Brewing beer is actually quite easy and, its a free (as in beer) pastime. Yes the supplies might cost money and time, but the methodology is as old as civilization; thusly public domain. The basics are simple and provide a means of making good beer that you can enjoy, share and trade.

Materials Needed:

  • Boiling pot or stock pot (5 Gallon recommended)
  • Stove, propane cooker etc
  • Carboy/Fermenting Bucket and a bottling bucket
  • Bottles (Grolsh work best for cheap)
  • Tubing
  • Sanitizer

Basic Ingredients:

  • Water

    • Self explanatory, so make it clean and reasonably pure; boil first. That said Oregon State University brewed beer from duck pond water in the documentary "How Beer Saved the World", or watch it on vimeo.
  • Fermented Sugar

    • Malted barley is a main staple in sugar category; sometimes bolstered with corn, rice, wheat, etc to lighten the taste. A ready to use version of malted barley is called malt syrup or extract is readily available. This should be the beginner's first stop as malting barley is complex and touchy.
  • Hops

    • Hops give beer the bitter that balances the sweet, helps preserve the beer and allows the head to stay. Prepared pellets/flowers are easily procurable for almost no money. You can grow these at home in full sun on a simple trellis. Make sure you shell the hops completely.
  • Yeast

    • This isn't Fleishman's self rising yeast; they fart gas (bread holes) not piss alcohol (whee!). Worst case scenario, you might be able to culture yeast from an unfiltered beer (provided is has not been pasteurized which would kill the yeast). More on culturing yeast later, but it is easy enough to buy yeast for culture. Personally we like White Labs Pure Pitch Yeast. Ale yeasts are top fermenting and active above 55°F/20°C. Lager yeasts are bottom fermenting and active from 55°F/20°C to 32°F/0°C.

 The Method:

  1. Make the Wort

    • Bring 1.5 gallons of water to a boil.
    • Remove from heat and dissolve in the malt extract slowly. Do not let any stick to the sides of the pot or the bottom as it will burn and ruin the batch.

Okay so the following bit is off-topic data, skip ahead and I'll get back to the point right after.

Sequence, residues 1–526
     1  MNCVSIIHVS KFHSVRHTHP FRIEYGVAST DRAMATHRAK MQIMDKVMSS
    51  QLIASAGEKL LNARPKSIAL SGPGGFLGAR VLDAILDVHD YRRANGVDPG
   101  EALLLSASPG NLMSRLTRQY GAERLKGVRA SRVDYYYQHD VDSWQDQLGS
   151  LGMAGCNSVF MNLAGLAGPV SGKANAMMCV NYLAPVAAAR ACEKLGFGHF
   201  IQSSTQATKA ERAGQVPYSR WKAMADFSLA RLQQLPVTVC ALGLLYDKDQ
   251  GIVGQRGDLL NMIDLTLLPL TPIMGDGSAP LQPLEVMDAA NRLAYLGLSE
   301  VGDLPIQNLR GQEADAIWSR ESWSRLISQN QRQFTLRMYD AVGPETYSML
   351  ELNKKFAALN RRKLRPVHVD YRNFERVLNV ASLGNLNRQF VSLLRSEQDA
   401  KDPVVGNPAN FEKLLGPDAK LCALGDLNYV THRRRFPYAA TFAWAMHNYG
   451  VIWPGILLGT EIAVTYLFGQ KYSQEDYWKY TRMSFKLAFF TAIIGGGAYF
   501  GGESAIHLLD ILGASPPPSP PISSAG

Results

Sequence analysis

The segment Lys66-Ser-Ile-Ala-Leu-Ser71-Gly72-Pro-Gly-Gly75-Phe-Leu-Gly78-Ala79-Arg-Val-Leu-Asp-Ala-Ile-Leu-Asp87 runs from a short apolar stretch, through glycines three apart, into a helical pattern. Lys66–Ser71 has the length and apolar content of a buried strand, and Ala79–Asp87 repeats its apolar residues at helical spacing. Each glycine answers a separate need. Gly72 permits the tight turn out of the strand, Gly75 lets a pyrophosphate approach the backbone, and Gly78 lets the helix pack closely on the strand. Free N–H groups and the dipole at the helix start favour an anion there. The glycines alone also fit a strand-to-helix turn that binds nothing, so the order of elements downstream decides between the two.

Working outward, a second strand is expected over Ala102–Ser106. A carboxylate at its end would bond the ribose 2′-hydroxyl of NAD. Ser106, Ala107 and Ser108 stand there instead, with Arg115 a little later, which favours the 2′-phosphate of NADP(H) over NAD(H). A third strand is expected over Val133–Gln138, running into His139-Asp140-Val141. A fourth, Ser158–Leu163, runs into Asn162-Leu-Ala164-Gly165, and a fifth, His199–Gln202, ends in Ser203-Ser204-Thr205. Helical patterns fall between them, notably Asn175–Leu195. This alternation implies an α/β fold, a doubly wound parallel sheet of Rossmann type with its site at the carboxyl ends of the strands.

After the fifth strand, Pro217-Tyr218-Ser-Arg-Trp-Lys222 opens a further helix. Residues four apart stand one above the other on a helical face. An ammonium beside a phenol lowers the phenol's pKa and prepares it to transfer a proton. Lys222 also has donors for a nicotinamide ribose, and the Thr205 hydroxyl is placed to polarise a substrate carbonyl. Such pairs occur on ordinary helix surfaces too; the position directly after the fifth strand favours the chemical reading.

• Return to heat for 50 minutes, stirring frequently and constantly watching for boil overs.
    • At 50 minutes stir in the hops which will create a foam (hence the 5 gallon pot).
    • Allow to cook for 10-20 minutes. Watch for boil overs.
    • Prepare an ice cold water bath to cool the wort in.
    • When the Wort is done cooking, remove from heat and float the pot in the ice bath stirring the Wort constantly until it reaches 80°F/27°C. This process should take roughly 20 minutes.
  2. Prepare the Yeast

    • If you are using dry yeast, follow the package directions.
      • One packet of yeast in a cup of water at 90°F/35°C.
    • If you are using Pure Pitch it's a direct add.
  3. Ferment

    • Add the other 3 gallons of water to the carboy.
    • Funnel the Wort into the carboy and mix gently.
    • Pitch the yeast.
    • Cap the carboy with the fermenter lock.
    • Store the carboy in 60-75°F/15-24°C for about 2 weeks.
    • If the bubbling in the fermenter lock stops, move the carboy to a warmer room.
  4. Bottle

    • Boil 3/4 cup of corn sugar (4 oz by weight), or 2/3 cup of white sugar, or 1 and 1/4 cup dry malt extract in 2 cups of water and let it cool.
    • Pour the mixture into the bottling bucket. Be careful not to add too much as your bottles could explode or pop their top.
    • Place the bottling bucket on the floor and the carboy on the table above it.
    • Use the tubing to gravity siphon the beer from the carboy to the bottling bucket slowly. There should be no splashing and you should not use your mouth to start the flow. Sanitized water into a mason jar will start the siphon action.
    • Wait 30 minutes for any sediment to settle.
    • Using the same setup siphon the beer from the bottling bucket into the bottles.
    • Fill each until 3/4 of an inch from the top of the bottle.
    • Store for 2-4 weeks to allow carbonation to occur.
  5. Watch for signs of contamination

    • Strands in the beer signify a lactose contamination.
    • Milky slime at the top is a sign of a microderm contamination.